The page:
The Circumcision Risk Debate Gets Fired Up Again Due To New Data From Mayo Clinic Proceedings

Dawn Papple

The circumcision debate is winding back up after new data was published by The Mayo Clinic Proceedings. It stated that half of uncircumcised males will experience at least one adverse medical condition from their lack of circumcision. The findings were presented by Brian Morris of the University of Sydney and his U.S.colleagues.

"Infant circumcision should be regarded as equivalent to childhood vaccination. As such, it would be unethical not to routinely offer parents circumcision for their baby boy. Delay puts the child's health at risk and will usually mean it will never happen," Morris wrote.
"The risks of immunisation are justified by the fact that the individual risk to the patient is extremely small, however serious, but the benefits are great, since the incidence of the disease in unimmunised populations may be very high, and may even be a majority of the population... We are not certain at present whether AIDS is going to be an even more widespread disease in the future or whether it will be abolished by some new treatment. Therefore, it would be hard to justify mass circumcision with such a small potential gain," wrote Professor Hutson,
 of the Royal Children's Hospital.

The American Academy of Pediatrics states, "The health benefits of newborn male circumcision outweigh the risks, but the benefits are not great enough to recommend universal newborn circumcision." The video presented by Morris includes benefits to future female partners in the risk-benefits-analysis. Anti-circumcision activists argue that this presumes that all boys will eventually be sexually active, sexually irresponsible, and heterosexual. Given that none of these factors is guaranteed and that all medical procedures should entail weighing the individual's risks and benefits, including risks to female partners in the analysis is medically unethical.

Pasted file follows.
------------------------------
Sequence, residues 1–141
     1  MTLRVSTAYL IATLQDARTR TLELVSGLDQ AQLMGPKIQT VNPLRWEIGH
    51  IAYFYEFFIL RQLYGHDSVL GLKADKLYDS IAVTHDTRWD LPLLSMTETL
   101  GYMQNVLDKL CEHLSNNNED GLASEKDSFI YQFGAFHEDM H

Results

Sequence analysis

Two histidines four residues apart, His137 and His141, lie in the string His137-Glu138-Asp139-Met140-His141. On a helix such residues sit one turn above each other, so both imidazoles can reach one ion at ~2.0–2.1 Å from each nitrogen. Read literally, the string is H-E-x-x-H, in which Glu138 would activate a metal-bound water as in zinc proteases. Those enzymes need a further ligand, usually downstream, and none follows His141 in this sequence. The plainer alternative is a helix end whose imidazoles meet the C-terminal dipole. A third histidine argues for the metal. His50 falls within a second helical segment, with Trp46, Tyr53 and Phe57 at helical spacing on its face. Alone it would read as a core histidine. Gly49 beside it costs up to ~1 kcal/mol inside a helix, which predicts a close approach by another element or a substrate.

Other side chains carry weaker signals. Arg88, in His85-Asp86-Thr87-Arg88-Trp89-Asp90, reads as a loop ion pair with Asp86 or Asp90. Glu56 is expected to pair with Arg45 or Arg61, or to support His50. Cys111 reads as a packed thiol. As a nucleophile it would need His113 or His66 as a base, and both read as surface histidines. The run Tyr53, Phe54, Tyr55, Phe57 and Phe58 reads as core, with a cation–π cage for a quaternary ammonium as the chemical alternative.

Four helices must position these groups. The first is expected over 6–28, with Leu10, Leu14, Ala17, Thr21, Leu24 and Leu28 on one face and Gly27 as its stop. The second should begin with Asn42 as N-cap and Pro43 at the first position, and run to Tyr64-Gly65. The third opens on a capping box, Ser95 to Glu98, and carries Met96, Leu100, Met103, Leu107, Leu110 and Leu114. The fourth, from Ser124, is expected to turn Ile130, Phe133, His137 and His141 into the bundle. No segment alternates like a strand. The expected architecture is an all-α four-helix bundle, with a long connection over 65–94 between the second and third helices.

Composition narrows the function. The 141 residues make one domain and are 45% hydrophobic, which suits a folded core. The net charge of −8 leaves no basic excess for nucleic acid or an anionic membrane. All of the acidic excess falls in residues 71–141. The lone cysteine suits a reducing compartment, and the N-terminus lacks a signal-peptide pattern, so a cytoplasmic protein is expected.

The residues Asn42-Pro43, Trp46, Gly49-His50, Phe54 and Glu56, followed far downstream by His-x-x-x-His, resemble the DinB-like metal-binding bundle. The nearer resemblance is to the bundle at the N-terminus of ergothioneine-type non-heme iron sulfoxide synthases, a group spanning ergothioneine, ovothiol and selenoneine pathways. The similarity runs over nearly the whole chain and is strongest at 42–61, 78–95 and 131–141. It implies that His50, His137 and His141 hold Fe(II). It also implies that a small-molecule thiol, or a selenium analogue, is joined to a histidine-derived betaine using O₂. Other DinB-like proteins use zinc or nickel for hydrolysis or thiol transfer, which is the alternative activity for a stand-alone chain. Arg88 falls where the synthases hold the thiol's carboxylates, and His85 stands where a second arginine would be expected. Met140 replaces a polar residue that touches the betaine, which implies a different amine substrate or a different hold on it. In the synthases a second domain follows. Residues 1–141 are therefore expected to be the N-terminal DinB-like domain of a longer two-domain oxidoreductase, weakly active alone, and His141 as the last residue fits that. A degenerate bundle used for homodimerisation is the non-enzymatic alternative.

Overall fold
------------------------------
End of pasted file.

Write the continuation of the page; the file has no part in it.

According to Morris and his colleagues, there are increased risks of penile cancer and prostate cancer from refusing circumcision. Anti-circumcision activists claim that these are exaggerated, adult risks that the male could address when he is of a consensual age. They mention that penile cancer occurs in 0.001 percent of American men, so any increase risk due to circumcision status could not be considered statistically significant. The 15-year relative survival rate for prostate cancer is 94 percent and the disease is usually not the cause of death.

Morris' data shows that the risks of circumcision are negligible, using his earlier research as evidence. "In a landmark systematic review in the Journal of Sexual Medicine, Dr. Morris, with John Krieger, MD, of the Department of Urology at the University of Washington, Seattle, found that there is no adverse effect of circumcision on sexual function, sensitivity, or pleasure," reported Elsevier Connect writer, Rachel Gleeson. Doctors Opposing Circumcision disagrees.

The WHOLE Network also questions Morris' circumcision facts. The organization posted to its Facebook page, "Another pro-circumcision junk article compliments of Brian Morris, lying through his teeth to push his disgusting agenda. He claims a 77% circumcision rate for the US in 2010. That's 20% higher than the actual rate reported by the CDC for that year." The CDC maintains records of circumcision trends and confirms the national rate of newborn circumcision in 2010 was 58.3 percent.

The data from the Mayo Clinic and Brian Morris has resulted in circumcision risks again being debated with passion on social media outlets such as Twitter.

— GujjuBhai (@mehulgandhi) April 3, 2014

— Raven (@4ravenwa) April 3, 2014

— UNAIDS Science now (@UNAIDSciencenow) April 3, 2014

— Nursing Review NZ (@NursingReviewNZ) April 2, 2014

— Luke Johnson (@johnson) March 31, 2014

— Marie Bardsley (@MarieBard) April 3, 2014